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Valley Ranch visitor

Pretty interesting stuff from the Ranch Report on OT Jonathon Scott and his visit to Vallley Ranch. (sub. required)

The Cowboys had their eye on Texas tackle Jonathan Scott from the start, and took another look at him Friday. What do they see? A guy who is certainly not a workout wonder -- and therefore not a front-of-the-first-round pick.

At the same time, according to one scout, when you watch Scott on film, you forget about Underwear Olympics stuff like "vertical jump'' and such. What the Cowboys cannot get out of their heads: Scott against Ohio State, when he made A.J. Hawk disappear. Scott against USC, when he pushed blue-chippers all over the field.

"He's slipped because in comparison to some of the other O-linemen, he doesn't dominate in the measurables,'' said one Valley Rancher. "But he sure dominated at Texas.''

If Scott skids out of the first round -- and remember, Flozell Adams and Larry Allen once did the same -- somebody is going to get themselves a value pick, a tackle that might be a solid 10-year pro.

There's a good article in the DMN about Gil Brandt, former Cowboys personnel director who now does work for the NFL. It starts with a meeting between Brandt and Ray Scott, Jonathon Scott's father.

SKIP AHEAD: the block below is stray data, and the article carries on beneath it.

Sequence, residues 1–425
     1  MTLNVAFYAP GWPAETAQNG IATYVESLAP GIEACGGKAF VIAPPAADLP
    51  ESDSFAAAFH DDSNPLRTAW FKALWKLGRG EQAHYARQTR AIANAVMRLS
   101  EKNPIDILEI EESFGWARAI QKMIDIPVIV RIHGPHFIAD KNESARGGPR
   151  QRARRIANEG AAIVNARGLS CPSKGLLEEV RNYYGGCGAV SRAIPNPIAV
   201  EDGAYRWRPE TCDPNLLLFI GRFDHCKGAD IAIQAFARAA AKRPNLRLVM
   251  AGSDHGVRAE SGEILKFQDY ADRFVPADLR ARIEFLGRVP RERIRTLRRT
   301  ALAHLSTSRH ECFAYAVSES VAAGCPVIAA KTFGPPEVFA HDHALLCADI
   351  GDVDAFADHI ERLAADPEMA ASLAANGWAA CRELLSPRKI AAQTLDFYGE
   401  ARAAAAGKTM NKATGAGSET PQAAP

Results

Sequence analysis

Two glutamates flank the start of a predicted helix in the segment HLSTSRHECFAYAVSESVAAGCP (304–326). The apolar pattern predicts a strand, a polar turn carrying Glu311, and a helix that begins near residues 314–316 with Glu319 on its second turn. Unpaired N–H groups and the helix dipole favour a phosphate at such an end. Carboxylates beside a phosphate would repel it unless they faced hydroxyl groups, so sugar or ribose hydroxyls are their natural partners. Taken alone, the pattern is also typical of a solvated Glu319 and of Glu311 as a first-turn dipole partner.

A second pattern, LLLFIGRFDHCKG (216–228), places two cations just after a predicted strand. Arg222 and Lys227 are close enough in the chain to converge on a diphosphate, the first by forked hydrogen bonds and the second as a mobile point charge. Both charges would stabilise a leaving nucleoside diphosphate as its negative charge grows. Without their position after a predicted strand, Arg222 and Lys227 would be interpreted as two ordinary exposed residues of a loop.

Ray Scott was certain of one thing as he approached Gil Brandt on a practice field sideline on the eve of the 2003 Cotton Bowl. He was about to receive a blank stare.

It had been 36 years and at least as many pounds since Scott, a defensive end at Prairie View A&M, participated in a pre-draft workout for Brandt, the personnel guru for the Dallas Cowboys. "Gil, you may not remember me, I'm ... " Scott sheepishly began.

"Ray Scott," Brandt interrupted matter-of-factly, flashing the trademark smirk he long ago borrowed from the cat that swallowed the canary. "How are you?"

Scott didn't answer. He couldn't get the words out. "I was astounded," he recalls. "The man has a photographic memory."

Or maybe Brandt just knows the tricks of the trade.

Scott also is the father of Jonathan Scott, then a promising 6-6, 320-pound freshman offensive tackle at the University of Texas.